More than 20% of people have lost a pension pot says expert
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Although people may decide to retire when they reach State Pension age, some opt to carry on working and defer their State Pension payments. Alternatively, some may have other sources of income which may mean it is beneficial to claim their State Pension later. There are financial benefits to deferring payments, but there are also some drawbacks associated with delaying.
How much extra State Pension can you get by deferring?
People who reached their State Pension age on or after April 6, 2016, will see their State Pension increase for every week it is deferred, providing it has been deferred for at least nine weeks.
The State Pension increases by the equivalent of one percent for every nine weeks deferred, or just under 5.8 percent for every 52 weeks.
People who reached State Pension age before April 6, 2016, will see their pension increase for every week deferred, providing it has been deferred for at least five weeks.
In this case, the State Pension increases by the equivalent of one percent for every five weeks it is deferred, working out as 10.4 percent for every 52 weeks.
People who reached State Pension age before April 6, 2016, can take the extra State Pension as a one-off lump sum or in the form of higher weekly payments.
But people who reached State Pension age after April 6, 2016, can only get their extra State Pension paid out with their regular payments.
State Pension: Is it worth deferring your State Pension? Experts weigh in on pros and cons (Image: GETTY)
State Pension: There are benefits and drawbacks of deferring State Pension payments (Image: GETTY)
What are the benefits and drawbacks of deferring the State Pension?
Whether or not deferring the State Pension is the best option for someone financially will differ from person to person.
Zoe Dagless, senior financial planner at Vanguard UK, told Express.co.uk: “Deciding whether to defer claiming the State Pension very much depends on your personal circumstances.
“The amount extra State Pension you could receive also depends on when you reach State Pension age.
State Pension: The State Pension increases when it is deferred (Image: GETTY)
“If you reach State Pension age on or after April 6, 2016, your State Pension will increase every week you defer, as long as you defer for at least nine weeks.
“If you reached State Pension age before April 6, 2016, you can either take your extra State Pension as a higher weekly payment or a one-off lump sum.
“Deferring may mean slightly larger weekly payments, but for every year you defer that’s £9,339.20 in income every year [the yearly full new State Pension amount] you’re passing up – so it may be a few years before the benefits of deferring outweigh the costs.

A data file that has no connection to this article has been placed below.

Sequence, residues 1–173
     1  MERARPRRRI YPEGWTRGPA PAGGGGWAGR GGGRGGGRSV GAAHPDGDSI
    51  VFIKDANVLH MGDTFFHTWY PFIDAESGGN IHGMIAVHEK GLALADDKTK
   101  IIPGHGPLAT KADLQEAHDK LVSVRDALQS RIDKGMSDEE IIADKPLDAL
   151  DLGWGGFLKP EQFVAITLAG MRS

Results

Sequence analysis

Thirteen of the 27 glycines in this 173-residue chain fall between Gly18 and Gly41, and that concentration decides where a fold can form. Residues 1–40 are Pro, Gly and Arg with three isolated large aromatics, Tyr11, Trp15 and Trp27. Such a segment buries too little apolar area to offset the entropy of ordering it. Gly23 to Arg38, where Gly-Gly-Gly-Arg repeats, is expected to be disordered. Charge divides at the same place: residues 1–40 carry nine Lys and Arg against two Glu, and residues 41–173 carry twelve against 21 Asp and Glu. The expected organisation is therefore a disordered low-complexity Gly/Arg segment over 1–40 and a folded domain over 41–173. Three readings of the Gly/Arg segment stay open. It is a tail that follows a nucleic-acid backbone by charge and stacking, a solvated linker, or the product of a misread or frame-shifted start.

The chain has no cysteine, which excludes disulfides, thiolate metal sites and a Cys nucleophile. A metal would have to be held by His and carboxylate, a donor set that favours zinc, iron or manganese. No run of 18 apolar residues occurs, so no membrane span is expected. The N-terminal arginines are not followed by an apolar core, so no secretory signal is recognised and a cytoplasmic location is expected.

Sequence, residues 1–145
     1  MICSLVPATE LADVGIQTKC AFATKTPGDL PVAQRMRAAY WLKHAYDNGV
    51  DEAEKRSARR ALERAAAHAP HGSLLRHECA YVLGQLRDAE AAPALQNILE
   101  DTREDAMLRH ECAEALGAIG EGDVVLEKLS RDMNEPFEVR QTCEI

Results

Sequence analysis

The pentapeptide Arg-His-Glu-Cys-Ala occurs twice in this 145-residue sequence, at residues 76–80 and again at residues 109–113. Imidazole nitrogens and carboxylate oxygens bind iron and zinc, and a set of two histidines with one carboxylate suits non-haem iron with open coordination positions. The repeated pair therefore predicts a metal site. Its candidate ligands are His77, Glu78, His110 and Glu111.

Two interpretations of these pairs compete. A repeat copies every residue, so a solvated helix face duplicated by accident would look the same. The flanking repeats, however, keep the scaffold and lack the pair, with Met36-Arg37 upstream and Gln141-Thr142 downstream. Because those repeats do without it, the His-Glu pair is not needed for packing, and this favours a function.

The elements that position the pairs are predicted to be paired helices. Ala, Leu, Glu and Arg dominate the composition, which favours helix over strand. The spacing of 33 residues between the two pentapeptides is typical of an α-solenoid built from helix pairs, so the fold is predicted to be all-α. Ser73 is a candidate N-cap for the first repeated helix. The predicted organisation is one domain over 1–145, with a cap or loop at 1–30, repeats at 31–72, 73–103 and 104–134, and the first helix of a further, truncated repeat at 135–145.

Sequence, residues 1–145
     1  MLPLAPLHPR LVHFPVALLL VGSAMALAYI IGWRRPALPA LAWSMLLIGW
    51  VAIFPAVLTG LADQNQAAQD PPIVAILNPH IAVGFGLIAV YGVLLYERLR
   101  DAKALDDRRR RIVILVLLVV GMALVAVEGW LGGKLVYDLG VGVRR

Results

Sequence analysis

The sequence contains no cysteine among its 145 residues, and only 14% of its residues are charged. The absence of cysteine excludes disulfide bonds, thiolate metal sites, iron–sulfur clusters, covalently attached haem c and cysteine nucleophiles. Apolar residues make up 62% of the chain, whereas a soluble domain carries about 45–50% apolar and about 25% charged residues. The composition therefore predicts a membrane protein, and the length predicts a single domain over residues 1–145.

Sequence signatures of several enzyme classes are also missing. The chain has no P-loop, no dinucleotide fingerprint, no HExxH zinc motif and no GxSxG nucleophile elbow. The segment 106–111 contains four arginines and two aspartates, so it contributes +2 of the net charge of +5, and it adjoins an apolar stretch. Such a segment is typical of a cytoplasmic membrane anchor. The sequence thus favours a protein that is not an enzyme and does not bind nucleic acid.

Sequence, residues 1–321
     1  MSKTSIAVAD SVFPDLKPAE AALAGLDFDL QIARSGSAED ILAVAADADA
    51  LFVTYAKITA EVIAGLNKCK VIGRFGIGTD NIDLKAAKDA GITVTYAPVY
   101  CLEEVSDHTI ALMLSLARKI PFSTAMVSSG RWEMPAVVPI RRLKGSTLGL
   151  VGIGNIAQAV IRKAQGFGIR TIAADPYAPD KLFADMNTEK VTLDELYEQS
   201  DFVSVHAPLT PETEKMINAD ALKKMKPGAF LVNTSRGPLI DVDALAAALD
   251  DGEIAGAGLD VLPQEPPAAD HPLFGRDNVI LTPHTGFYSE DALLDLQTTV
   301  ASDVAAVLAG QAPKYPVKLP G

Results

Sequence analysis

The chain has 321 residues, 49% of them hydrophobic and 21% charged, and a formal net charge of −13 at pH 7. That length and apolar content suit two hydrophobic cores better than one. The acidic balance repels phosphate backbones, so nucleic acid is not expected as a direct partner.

“For people qualifying for the State Pension after April 2016, the rate of annual increase for deferring fell from 10.4 percent to 5.8 percent, making the defer offer with State Pensions less attractive.”
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Romi Savova, PensionBee CEO, told Express.co.uk someone may find it beneficial to defer their State Pension if they still have other sources of income when they reach State Pension age.
She said: “Savers who wish to claim their State Pension as soon as they are eligible will obviously benefit from access to additional cash to spend during their retirement.
“For those savers receiving the full State Pension amount of £179.60 a week, this may provide a significant financial boost depending on individual circumstances.
“However, as the State Pension can’t usually be taken until around a decade after workplace or personal pensions, there’s a chance that some people might not need to access it immediately upon reaching the age of 66.
“If a saver has a retirement income from other sources or is still working, it could be to their financial benefit to defer receipt of the State Pension.
“Delaying the State Pension by just a few weeks could result in a higher weekly State Pension amount, or even a lump sum payment.
“As with all pensions, timing is everything and I would encourage savers to only withdraw what they need, at the time they need it, in order to ensure their money lasts well into retirement.
“The longer a saver can afford to delay, the more they are likely to receive in later life.”
When planning for retirement, everyone’s circumstances are different and some may consider speaking to a financial advisor for further advice.
This article does not equate to financial advice.